Book - Back to the Future: The Ultimate Visual History

The Defective Inspector hops on a hoverboard and reads Back to the Future: The Ultimate Visual History from our friends at Titan Books...

I’m no movie expert and I sure as hell am not a bookworm but the great and powerful council residing within /Garbage-file knew I was doing work on the Back to the Future game for THE BIG DAY (21st October 2015 is the day Marty arrived in futuristic Hill Valley for the first time). So knowing I had interest in this movie they threw the book at me, literally. The last time I read something for pleasure was when I was given the specials menu at a local restaurant. But seeing as this book encompasses a movie which gets my flux capacitor fluxing I decided to do my job for once without arguing and read a damn book.

There is a paradox about writing about this book, not to say explaining it will LITERALLY cause an alternate timeline but I feel you, the readers, will have a future not as fulfilled if I reveal too much. So if this review seems short, I am sorry, but trust me on this.

A piece of the past which made Back to the Future
I keep saying book, what I should be saying is timeline. This surprisingly large and heavy piece of literature is more than just an autobiography or “some guys” concept of events, it has pieces of the past, present and questionable future scattered throughout it. Officially this has been written by Michael Klastorin and Randal Atamaniuk but you can see how the 2 of them have looked over what is now decades of nerdy history to push together this piece of work. The title is also a little misleading. “Back to the Future: The Ultimate Visual History”, it makes it sound like it’s crammed with nothing but photos and descriptions of said photos and that would be both wrong and insulting.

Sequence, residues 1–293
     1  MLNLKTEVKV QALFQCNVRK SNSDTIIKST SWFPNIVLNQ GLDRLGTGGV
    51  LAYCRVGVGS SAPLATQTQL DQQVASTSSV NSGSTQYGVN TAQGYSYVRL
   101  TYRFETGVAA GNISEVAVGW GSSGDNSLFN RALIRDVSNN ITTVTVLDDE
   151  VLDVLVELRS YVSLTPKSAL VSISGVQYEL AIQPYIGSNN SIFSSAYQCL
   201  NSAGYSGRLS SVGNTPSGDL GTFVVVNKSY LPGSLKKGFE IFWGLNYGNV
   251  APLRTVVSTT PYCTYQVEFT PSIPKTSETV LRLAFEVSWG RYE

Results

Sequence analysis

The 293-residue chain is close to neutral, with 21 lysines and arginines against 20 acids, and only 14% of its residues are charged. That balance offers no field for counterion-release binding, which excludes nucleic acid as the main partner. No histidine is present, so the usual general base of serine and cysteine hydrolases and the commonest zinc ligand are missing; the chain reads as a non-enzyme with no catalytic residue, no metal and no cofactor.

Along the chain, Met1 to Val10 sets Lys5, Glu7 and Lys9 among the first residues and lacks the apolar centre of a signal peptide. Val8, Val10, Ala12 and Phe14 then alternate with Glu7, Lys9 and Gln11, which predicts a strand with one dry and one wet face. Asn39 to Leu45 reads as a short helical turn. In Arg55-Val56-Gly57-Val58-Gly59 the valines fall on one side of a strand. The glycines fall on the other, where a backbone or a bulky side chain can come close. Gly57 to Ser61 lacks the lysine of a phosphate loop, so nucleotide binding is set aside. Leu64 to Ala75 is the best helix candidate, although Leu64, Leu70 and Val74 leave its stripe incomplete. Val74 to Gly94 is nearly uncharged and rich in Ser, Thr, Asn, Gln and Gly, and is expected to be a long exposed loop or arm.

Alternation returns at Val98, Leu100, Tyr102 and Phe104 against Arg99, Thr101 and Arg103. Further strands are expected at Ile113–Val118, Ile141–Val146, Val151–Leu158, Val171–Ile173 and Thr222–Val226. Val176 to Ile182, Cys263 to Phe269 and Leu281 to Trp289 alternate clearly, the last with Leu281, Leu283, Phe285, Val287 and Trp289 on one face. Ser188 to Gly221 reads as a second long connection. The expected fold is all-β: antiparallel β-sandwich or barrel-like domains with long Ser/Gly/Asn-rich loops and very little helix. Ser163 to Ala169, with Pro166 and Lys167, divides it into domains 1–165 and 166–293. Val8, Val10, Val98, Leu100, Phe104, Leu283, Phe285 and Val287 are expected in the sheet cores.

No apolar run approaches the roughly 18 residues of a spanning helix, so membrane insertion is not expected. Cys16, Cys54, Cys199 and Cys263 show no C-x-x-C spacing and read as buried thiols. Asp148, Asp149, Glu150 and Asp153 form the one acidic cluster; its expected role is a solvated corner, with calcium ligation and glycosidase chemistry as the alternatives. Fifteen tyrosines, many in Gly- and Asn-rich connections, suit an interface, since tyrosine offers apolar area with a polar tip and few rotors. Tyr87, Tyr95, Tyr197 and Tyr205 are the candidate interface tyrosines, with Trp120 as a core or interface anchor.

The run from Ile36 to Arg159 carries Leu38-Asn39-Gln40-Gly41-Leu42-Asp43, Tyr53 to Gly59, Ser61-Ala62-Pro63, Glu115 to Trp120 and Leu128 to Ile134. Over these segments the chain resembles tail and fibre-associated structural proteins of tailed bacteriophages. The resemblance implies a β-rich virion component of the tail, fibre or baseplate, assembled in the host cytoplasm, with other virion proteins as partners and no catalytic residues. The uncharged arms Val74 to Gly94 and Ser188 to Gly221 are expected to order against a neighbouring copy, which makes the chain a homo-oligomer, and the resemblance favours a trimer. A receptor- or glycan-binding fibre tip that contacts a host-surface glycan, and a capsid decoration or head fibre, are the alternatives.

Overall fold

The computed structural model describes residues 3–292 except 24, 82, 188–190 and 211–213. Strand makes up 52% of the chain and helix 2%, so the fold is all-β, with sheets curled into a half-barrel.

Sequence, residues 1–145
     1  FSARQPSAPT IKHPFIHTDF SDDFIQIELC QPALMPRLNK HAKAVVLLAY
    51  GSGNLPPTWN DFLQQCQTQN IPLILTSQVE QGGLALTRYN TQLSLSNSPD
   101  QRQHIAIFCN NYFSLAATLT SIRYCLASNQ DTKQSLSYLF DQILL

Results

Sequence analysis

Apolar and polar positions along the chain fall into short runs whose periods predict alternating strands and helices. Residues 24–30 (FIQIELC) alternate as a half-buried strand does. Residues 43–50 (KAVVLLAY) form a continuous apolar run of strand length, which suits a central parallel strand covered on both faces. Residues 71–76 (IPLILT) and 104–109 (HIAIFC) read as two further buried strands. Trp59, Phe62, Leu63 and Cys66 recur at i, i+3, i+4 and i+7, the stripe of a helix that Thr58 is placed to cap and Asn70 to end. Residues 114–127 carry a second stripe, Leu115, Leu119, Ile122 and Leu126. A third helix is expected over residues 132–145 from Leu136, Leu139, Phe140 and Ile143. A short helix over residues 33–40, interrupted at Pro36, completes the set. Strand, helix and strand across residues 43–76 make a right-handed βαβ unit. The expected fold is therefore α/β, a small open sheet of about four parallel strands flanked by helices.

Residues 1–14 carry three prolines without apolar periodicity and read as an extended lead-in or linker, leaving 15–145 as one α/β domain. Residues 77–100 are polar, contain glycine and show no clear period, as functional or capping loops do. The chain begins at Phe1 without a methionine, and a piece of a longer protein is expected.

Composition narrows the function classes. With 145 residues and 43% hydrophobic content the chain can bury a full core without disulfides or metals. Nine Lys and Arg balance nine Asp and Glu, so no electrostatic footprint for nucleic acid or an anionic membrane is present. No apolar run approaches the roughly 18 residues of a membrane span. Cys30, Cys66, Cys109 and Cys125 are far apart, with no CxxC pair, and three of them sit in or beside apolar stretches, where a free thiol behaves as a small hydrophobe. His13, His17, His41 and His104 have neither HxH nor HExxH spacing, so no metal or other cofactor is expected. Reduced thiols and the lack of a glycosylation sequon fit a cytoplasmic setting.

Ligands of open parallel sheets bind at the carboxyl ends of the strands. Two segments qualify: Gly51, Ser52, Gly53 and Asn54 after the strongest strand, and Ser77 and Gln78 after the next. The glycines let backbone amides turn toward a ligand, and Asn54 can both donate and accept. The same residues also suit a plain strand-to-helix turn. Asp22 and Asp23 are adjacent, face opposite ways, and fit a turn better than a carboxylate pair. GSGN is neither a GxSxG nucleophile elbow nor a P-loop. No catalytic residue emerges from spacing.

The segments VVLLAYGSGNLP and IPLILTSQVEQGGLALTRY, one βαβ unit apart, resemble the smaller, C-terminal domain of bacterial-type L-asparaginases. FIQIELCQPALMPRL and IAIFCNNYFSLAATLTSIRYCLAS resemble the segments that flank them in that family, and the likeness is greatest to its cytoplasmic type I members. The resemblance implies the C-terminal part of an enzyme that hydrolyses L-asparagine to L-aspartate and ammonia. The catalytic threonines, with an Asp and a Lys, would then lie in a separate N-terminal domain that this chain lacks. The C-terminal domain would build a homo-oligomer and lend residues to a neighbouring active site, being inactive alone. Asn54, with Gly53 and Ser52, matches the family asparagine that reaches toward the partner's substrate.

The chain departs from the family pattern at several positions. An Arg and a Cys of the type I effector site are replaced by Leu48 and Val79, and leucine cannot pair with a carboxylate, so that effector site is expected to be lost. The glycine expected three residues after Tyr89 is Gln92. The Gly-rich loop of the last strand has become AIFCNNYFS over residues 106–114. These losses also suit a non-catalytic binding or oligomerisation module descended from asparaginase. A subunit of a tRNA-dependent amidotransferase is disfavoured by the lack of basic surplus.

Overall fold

Again I must stress that if I say too much it would be a crime, even with that in mind there is SO much to take in and express. I considered myself a fairly up to date guy in all things McFly but consistently I was proven wrong when flicking from page to page. It wasn’t so much that new concepts were thrown in my face but more that I could see Back to the Future being formed, I could see the photos of Gale and Zemeckis hunched over cameras, facing actors and looking longingly at perfect props. Often the photos are related to the time, not so much events. There are not photos of Zemeckis and Gale arguing with Sid Sheinberg while Steve Spielberg giggles over the fact their initials match. Frankly if someone was taking photographs at that stage I’d be amazed and slightly concerned…

Envelopes, storyboards and photos. I had a nerd-gasm over this.
One thing that is made VERY clear in this book was Back to the Future was a labour of love for everyone, not just big actors like Christopher Lloyd and Michael J. Fox, not just for the directors or screenwriters, not just for the stunt doubles and set producers, but everyone. This book takes you through every single high and low of every step. Clearly the battles were greatest at the start and it reflects in the content, about 50% of this 200+ page behemoth is about the first movie and it went from Professor Brown, a monkey side kick and a Coca Cola powered time machine to the Mr Fusion fuelled fantastic feature film it is today.